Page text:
Every 1750 insert I’ve seen has a bypass. The freestanding stove does not. I think that’s where the confusion is.
 

begreen

Mooderator
Staff member
Nov 18, 2005
86,546
South Puget Sound, WA
Oops, I missed that this was the insert. My bad. I haven't seen the insert yet. Seems like now the docs are even more incorrect. Here is the change I noted in the 2016 freestander docs. This is not in the prior freestander docs.

Depending on your heater, the chimney, and the outside environment, you may need to leave your bypass open for up to 20 minutes after lighting the fire. If the fire dies when you shut the bypass you will need to leave it open longer.

This being an insert explains why the sweep opened the bypass. If it's warped he should have told the customer of the issue.
 

bholler

Chimney sweep
Staff member
Jan 14, 2014
23,586
central pa
I have had the holes in those bypasses get ash built up in them before. That does not allow the pins of the arm to go all the way in which causes binding
 

webby3650

Master of Fire
Sep 2, 2008
11,015
Indiana
I have had the holes in those bypasses get ash built up in them before. That does not allow the pins of the arm to go all the way in which causes binding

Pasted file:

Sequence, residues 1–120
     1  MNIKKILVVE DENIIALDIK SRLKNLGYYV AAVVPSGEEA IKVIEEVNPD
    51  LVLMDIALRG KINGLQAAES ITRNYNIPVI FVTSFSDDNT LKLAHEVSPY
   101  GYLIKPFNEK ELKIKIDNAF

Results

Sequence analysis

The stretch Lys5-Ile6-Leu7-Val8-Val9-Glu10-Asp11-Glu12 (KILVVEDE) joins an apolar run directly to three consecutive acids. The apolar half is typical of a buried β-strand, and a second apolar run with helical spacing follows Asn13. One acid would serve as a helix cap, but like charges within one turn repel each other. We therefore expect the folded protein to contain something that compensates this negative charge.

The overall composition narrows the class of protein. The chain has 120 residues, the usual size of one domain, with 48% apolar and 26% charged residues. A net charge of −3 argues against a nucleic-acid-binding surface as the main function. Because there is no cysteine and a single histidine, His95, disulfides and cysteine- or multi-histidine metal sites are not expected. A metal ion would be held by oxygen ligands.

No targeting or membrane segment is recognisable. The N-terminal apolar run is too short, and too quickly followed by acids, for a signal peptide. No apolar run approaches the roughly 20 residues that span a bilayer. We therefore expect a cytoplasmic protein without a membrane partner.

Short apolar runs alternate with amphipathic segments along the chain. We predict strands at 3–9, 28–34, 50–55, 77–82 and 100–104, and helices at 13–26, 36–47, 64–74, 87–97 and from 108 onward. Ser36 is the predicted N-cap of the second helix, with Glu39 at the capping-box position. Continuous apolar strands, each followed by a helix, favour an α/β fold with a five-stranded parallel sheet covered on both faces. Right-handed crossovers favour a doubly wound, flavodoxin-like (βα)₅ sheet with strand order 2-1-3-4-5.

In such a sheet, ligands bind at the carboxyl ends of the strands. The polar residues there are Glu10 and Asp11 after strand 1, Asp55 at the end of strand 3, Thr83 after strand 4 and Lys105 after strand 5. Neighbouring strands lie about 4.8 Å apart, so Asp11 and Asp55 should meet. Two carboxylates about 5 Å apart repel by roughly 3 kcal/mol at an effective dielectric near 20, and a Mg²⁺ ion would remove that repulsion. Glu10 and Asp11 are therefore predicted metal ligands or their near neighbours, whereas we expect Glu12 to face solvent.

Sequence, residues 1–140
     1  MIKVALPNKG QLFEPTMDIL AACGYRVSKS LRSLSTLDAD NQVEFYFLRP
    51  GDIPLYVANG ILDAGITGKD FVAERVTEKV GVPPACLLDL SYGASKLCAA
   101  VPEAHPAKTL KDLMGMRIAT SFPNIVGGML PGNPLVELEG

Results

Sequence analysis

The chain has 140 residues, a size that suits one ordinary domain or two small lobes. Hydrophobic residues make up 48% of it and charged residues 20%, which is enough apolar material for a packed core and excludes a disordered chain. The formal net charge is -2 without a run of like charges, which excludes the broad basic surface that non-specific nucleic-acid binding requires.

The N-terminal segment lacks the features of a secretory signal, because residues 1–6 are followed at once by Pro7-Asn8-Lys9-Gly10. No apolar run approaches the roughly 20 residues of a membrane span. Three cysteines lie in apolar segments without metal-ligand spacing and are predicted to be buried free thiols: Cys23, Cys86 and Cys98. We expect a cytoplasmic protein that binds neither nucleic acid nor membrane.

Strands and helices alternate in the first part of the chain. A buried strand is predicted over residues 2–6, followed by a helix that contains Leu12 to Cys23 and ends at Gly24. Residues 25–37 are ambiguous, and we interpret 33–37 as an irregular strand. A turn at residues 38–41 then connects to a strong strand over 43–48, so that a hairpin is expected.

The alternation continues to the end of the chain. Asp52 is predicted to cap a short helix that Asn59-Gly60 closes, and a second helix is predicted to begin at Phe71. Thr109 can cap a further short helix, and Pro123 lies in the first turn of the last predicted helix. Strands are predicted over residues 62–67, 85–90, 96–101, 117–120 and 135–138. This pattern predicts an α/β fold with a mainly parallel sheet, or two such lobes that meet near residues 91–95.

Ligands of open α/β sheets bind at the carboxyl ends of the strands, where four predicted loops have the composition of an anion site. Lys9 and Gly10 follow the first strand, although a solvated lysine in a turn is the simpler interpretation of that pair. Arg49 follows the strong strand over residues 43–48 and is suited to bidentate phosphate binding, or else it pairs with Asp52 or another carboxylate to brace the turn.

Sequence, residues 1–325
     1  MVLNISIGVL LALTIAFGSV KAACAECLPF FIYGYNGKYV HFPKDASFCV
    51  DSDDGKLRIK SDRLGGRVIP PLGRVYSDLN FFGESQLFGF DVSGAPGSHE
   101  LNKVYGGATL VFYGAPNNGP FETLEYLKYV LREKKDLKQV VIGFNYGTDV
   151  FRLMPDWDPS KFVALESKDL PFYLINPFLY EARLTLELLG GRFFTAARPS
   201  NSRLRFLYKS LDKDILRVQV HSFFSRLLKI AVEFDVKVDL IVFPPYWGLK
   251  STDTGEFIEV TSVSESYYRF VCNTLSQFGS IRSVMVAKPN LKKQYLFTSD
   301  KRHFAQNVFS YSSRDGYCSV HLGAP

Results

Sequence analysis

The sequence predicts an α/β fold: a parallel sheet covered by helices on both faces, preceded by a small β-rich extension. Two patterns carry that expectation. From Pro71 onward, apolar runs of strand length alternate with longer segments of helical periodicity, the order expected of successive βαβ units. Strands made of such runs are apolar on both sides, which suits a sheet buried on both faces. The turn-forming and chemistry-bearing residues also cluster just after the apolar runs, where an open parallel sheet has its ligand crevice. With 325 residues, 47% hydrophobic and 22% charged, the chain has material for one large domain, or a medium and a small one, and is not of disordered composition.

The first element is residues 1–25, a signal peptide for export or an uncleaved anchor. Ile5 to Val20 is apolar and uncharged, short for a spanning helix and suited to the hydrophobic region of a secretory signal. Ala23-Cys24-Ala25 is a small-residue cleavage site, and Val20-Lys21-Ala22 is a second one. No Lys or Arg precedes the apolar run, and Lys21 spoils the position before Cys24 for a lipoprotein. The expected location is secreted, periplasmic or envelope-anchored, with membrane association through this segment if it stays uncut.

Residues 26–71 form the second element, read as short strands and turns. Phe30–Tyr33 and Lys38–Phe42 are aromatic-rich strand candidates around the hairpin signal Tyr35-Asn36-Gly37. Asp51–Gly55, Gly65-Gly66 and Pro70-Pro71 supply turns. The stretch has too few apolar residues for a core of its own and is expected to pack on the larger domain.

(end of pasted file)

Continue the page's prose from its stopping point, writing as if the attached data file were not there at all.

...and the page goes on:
That can happen, more common is ash build up within the bypass frame itself though.
 

webby3650

Master of Fire
Sep 2, 2008
11,015
Indiana
Let’s be honest. Most cleanings on an insert with a bypass like this one takes about 30 minutes. There’s no excuse for not dropping the baffle to clean there too. The only reason is unfamiliarity...
 

bholler

Chimney sweep
Staff member
Jan 14, 2014
23,586
central pa
Let’s be honest. Most cleanings on an insert with a bypass like this one takes about 30 minutes. There’s no excuse for not dropping the baffle to clean there too. The only reason is unfamiliarity...
Yeah no excuse. Lopis can be a little bit of a pain compared to many other inserts but still not a big deal.
 

begreen

Mooderator
Staff member
Nov 18, 2005
86,546
South Puget Sound, WA
So back to the @TomatoLover's question. You can run the insert with the bypass damper open, but it's going to waste a lot of wood and will definitely reduce heat output and send it up the chimney instead of into the house. This should be looked at and fixed. If it just needs cleaning in that area then it's not a big chore. The sweep should have done that.